What changes in vegetation cover over time are evident at Wairio?
To what extent is the accuracy of the image classification process improved with the addition of ancillary data?
This project investigates the use of image classification techniques to create detailed maps of wetland areas based on aerial photographs.
The project uses an emerging set of analysis methods called ‘object-based image analysis’ to investigate the applications of remote identification techniques calibrated to detect selected native and invasive species.
An additional objective is to compare and contrast the improvements that including ancillary data into the classification process, such as 3D digital surface models (DSMs) or near infrared imagery, may have over classifications based solely on true-colour images.
The processes being evaluated by this project may allow teams with limited budgets or time to quickly and accurately convert imagery into maps with much greater levels of details, which will improve their ability to detect and track specific plant species.
This is especially useful in the case of wetlands undergoing restoration as they often exhibit significant changes over time, and the target species would normally be challenging to differentiate from one another in an aerial photograph.
Though the study is ongoing, with flights every three months, the initial results would appear to confirm that a ‘true-colour only’ classification would perform poorly compared with ancillary data. The improving effects of including infrared imagery will be tested once that has been gathered.
The classified images contain between 18 and 20 distinct classes.
The Wairio wetland was drained and converted into farmland in the 1960s.
Since 2005, it has been undergoing a managed restoration programme to return it to something approaching its natural state.
Several plantations of native plants have been established, and a weed eradication programme to control invasive species such as Bidens frondosa is in progress. This project can assist this effort by tracking the distribution of natives and weeds.
Object-based image analysis works on the principle that different types of surface cover have unique properties, such as colour, texture or shape.
For instance, weed species might be distinguished from grass as the weeds may be a different shade of green to the surrounding grass, or present a unique textural pattern owing to differently shaped leaves.
The sensors being used in this project are the DJI Phantom 4 Pro Camera, to collect true colour imagery, and a Micasense RedEdge-M, a multispectral sensor for collecting near infrared imagery. The software is ArcGIS Pro 21, ENVI 5.4 and PrecisionMapper 3.32
Thanks to the Nikau Foundation, Wairio wetland has again been granted a generous amount toward development for the wetland. The Richard and Doreen Evans Charitable Trust provided $4000 in the 2015 Nikau Foundation funding round.
Conditions placed on the grant:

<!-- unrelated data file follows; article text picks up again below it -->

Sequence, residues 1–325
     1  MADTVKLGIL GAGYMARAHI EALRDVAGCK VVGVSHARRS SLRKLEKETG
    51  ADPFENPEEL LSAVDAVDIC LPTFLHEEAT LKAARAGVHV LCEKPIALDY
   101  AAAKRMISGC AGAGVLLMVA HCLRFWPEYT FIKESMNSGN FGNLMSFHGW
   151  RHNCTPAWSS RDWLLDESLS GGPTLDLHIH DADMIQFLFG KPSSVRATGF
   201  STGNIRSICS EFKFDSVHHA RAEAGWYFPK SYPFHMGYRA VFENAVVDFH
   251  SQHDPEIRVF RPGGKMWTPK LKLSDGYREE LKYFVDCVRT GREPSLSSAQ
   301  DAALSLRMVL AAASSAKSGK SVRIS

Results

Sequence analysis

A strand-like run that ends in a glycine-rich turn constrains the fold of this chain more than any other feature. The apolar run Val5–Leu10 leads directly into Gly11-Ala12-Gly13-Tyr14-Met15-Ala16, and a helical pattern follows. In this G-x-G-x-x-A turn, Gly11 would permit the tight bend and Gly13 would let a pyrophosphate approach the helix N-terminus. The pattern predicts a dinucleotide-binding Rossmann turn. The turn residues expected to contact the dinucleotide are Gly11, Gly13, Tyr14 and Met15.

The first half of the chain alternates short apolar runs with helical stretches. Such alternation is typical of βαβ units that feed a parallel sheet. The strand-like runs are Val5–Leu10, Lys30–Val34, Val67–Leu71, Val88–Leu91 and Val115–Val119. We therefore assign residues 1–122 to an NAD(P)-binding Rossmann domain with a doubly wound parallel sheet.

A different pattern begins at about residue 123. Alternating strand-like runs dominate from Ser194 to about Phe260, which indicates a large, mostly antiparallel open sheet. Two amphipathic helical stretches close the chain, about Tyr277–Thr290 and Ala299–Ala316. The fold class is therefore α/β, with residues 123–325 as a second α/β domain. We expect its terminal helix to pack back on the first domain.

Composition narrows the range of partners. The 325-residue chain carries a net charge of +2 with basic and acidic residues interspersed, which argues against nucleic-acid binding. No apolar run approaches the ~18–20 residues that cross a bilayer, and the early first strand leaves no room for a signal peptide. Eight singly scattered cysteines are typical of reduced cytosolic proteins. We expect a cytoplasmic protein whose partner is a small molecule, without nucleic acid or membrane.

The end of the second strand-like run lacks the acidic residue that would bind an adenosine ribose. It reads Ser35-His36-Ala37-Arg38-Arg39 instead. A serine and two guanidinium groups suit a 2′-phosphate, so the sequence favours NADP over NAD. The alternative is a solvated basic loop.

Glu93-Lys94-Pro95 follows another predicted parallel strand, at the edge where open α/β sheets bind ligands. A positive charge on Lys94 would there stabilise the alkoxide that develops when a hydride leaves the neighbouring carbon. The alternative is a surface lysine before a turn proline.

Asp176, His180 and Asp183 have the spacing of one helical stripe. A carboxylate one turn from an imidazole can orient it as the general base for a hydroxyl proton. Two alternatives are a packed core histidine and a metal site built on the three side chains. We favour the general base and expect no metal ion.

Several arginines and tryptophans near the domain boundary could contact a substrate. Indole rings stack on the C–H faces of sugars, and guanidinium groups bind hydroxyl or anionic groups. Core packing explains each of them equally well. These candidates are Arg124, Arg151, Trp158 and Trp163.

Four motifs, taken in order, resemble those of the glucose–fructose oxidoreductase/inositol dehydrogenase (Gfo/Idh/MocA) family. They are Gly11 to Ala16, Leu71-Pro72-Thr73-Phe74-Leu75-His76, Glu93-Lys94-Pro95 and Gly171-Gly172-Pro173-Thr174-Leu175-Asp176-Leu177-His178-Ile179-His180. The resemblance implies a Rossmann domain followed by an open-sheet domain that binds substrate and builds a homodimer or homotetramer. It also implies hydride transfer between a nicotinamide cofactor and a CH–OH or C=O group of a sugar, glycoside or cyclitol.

Should any of you wish to know more go to the Foundation’s web site, www.nikaufoundation.org.nz.
The Nikau Foundation has appointed a new General Manager who brings a wealth of experience from the community and voluntary sector. Louise Parkin has had 25 years working with charitable and philanthropic organisations both in New Zealand and internationally.
Ms Parkin had been at Nikau Foundation as their Philanthropy Advisor for six months before taking up the role of General Manager in January this year.
In her spare time, she teaches the Japanese martial art of aikido to adults and children. Her personal philanthropy is for the benefit of the environment and international aid.
The Nikau Foundation is part of a world-wide network of community foundations set up to benefit a specific geographic area, in this case the Wellington region. The Foundation manages 22 endowment funds that benefit the arts, education, social and youth projects, the environment and beyond. It does this through the generosity of local donors. The funds it manages grew 100 percent in the last year.
The presentation of DUNZ’s certificate “in recognition and appreciation of support to NZ’s waterfowl and wetland habitat” to Ian Gunn from Greater Wellington Regional Council (GWRC) – Manager of GWRC’s Wairarapa Moana Project and a great supporter of the Wairio Wetland Restoration Project.
Ian was critical in securing a “step change” in funding for the project. The presentation was made at the end of the meeting along with the small gift of a bottle of wine. DUNZ members may recall Ian joining us at our 2014 AGM in Martinborough.
The recent meeting was held at Fish & Game’s Kilmore Lodge, adjacent to the Wetland where the group planning the 2016 work programme was underway.
Funding currently tots up to around $30,000. Of this, about $20,000 is already funded by contributions from our supporters.
June 21 work started at 9am for the organisers, supported by some strong lads from Taratahi Agricultural Training College and farm workers from a local sheep and beef station Palliser Ridge. Those strong farming trainees dug holes in pre-sprayed spots in rough, fescue infested terrain.
Just after 10am we also had about 20 school children from Martinborough and Kahutara primary schools arrive to “assist” in planting flaxes in the holes prepared by the aforementioned lads and workers. In all, around 65 folk helped with the planting and by 12 noon, 750 plants (about half of them kahikatea) were in the ground at the noreastern corner of the Wetland.
Greater Wellington Regional Council provided educational support and the school children, in addition to planting, were treated to a field class identifying plants common to the Wetland. That and the hot sausages for lunch (again provided by GWRC) made a great day for the children who said they would be back next year to see how “their” plants were growing.